2.1.2 2.1.2 Cooperative communication

Cooperative communication, which involves V2I and V2V communications, is designed for the SVs. V2I communication is also based on LTE-Advanced system. However, the V2V communication is operating in out-of-band relaying mode using another orthogonal frequency-division multiple access (OFDMA)-based system. The specification of the OFDMA-based system is the same with the LTE-Advanced system but at a higher frequency band and low transmission power. For simplicity purposes, we provide the following assumptions:
  • Each SV can be assisted by only one CV at any time;

  • One CV can forward data to more than one SV;

  • The DF relaying is applied at CV.

When the jth SV is assisted by the ith CV, the equivalent achievable data rate that the jth SV can obtain is given by
$$ {}{{\tilde \eta }_{B,i,j}}({n_{i,j}},{{\tilde n}_{i,j}}) = \min \left\{ {{\eta_{B,i}}({n_{i,j}}),{\eta_{i,j}}({{\tilde n}_{i,j}})} \right\},\!1 \le i,j \le N,i \ne j, $$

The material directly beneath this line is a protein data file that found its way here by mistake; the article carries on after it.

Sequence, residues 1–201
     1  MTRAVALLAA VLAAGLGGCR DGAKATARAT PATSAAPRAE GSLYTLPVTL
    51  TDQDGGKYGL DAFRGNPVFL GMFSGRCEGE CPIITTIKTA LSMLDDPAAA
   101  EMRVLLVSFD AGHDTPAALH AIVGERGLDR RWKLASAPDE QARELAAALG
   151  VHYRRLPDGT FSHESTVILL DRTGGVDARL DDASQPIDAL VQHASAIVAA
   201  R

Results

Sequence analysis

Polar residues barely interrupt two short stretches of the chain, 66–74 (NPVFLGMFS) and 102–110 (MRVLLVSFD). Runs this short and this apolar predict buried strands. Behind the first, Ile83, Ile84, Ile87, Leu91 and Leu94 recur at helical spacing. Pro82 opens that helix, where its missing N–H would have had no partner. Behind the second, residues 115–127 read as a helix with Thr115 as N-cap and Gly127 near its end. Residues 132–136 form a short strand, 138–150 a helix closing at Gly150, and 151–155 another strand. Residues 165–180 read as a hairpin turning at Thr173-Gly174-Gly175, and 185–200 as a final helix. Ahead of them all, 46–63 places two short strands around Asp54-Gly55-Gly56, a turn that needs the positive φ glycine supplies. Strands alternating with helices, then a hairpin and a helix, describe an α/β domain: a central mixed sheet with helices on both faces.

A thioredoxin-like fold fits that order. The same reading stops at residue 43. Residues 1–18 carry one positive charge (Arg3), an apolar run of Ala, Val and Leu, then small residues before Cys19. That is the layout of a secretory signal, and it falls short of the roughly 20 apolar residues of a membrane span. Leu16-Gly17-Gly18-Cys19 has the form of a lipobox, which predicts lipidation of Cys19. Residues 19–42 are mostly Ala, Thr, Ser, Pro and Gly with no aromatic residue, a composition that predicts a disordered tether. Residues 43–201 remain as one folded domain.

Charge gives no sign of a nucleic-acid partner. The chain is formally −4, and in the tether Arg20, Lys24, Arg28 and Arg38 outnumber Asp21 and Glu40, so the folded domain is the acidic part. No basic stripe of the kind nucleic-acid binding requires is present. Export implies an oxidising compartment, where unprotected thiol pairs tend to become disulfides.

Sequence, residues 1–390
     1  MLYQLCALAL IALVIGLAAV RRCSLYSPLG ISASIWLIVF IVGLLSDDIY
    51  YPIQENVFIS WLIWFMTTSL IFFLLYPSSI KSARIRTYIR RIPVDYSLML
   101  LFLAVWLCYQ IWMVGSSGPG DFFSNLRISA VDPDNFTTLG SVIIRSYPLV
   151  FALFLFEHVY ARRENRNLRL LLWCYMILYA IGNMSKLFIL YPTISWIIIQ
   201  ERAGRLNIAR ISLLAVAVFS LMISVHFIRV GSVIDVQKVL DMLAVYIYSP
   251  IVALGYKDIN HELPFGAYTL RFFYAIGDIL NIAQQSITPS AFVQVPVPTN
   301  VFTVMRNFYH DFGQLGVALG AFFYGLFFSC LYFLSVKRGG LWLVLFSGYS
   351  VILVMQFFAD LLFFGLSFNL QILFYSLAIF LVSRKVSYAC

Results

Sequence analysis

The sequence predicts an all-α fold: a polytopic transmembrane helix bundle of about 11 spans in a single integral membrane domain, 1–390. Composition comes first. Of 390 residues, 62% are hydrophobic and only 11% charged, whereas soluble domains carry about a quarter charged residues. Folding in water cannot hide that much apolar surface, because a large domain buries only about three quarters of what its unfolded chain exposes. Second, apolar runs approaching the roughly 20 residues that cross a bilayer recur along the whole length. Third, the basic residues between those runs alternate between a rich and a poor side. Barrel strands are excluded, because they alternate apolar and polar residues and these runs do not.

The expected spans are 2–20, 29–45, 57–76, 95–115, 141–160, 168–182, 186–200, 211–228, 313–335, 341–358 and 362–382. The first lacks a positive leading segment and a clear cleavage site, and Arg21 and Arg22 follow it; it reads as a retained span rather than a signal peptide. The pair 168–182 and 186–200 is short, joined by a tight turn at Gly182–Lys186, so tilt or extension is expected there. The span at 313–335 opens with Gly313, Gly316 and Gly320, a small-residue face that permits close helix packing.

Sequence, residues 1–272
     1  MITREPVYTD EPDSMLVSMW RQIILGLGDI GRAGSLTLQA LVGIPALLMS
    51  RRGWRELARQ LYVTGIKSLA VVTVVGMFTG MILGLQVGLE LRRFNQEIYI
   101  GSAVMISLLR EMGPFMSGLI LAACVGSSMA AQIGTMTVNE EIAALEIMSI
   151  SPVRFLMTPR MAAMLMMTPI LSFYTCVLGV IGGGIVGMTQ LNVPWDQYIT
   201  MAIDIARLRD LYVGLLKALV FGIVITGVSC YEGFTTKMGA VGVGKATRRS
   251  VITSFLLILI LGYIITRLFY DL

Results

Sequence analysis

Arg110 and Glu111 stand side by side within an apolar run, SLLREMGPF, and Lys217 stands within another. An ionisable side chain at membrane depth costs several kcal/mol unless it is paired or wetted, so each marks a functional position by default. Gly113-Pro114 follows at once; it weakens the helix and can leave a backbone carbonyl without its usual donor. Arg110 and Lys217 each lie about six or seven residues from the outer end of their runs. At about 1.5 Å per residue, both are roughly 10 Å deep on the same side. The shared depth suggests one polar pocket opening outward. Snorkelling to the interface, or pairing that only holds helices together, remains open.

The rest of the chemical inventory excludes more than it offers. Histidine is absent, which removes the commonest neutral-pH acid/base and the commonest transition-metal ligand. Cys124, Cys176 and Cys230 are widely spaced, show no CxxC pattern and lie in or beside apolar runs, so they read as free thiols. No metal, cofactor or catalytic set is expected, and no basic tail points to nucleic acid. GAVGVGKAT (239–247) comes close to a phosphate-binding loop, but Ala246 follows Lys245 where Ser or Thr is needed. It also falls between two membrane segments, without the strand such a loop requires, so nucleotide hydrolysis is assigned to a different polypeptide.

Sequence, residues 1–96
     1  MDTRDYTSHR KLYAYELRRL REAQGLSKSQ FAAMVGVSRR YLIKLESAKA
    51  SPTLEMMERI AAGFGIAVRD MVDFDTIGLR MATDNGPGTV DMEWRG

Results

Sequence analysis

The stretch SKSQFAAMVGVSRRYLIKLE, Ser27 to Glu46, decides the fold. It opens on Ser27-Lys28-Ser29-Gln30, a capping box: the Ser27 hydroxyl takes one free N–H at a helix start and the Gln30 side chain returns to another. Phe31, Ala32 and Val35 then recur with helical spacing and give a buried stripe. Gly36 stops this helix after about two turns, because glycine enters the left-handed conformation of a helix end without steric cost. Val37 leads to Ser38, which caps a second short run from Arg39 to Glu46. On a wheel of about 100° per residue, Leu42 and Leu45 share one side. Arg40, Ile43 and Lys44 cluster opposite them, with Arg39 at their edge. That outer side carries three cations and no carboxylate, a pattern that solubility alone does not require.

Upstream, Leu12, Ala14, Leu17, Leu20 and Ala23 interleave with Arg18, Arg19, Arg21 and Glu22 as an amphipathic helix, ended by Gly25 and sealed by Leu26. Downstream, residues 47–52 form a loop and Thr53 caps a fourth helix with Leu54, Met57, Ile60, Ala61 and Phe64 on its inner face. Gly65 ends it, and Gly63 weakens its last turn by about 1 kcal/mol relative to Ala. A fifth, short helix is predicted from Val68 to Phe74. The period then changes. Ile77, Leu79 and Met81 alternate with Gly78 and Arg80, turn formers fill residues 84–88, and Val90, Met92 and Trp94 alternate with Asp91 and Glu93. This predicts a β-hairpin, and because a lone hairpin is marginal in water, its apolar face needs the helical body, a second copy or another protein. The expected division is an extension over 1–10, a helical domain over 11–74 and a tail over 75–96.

(2)
where n i,j is the number of RBs allocated to ith CV for transmit the data of jth SV to CV i from the eNB, \({{{\tilde n}_{i,j}}}\) is the number of RBs allocated to the ith CV for its forwarding data to the jth SV, i.e., \(1 \le {n_{i,j}} \le {K_{B}},1 \le {{\tilde n}_{i,j}} \le {K_{V}}\), and K V is the total number of RBs for V2V communication. \({{\eta _{i,j}}({{\tilde n}_{i,j}})}\) are the data rates of V2V link between CV i and SV j utilizing \({{{\tilde n}_{i,j}}}\) RBs. \({{\eta _{i,j}}({{\tilde n}_{i,j}})}\) can be defined as follows:
$$ {\fontsize{8.5pt}{9.6pt}\selectfont{\begin{array}{l} {}{\eta_{i,j}}({{\tilde n}_{i,j}}) = {{\tilde n}_{i,j}}W{\log_{2}}\left({1 + \frac{{{{\tilde n}_{i,j}}{\beta_{i,j}}{P_{i,j}}}}{{{{\tilde n}_{i,j}}{N_{0}}W}}} \right) \\ \quad \;\;\; = {{\tilde n}_{i,j}}W{\log_{2}}\left({1 + \frac{{{\beta_{i,j}}{P_{i,j}}}}{{{N_{0}}W}}} \right),\!1\! \le \!i,j\! \le N,\;i \ne j,\;1 \!\le {{\tilde n}_{i,j}} \!\le {K_{V}}, \\ \end{array}}} $$
(3)

where P i,j is the transmit power on only one RB from CV i to SV j, i.e., \({P_{i,j}} = {{{{\tilde P}_{T}}} / {{K_{V}}}}\), \({{{\tilde P}_{T}}}\) is the total transmit power over all bandwidth of V2V links.

2.2 Problem formulation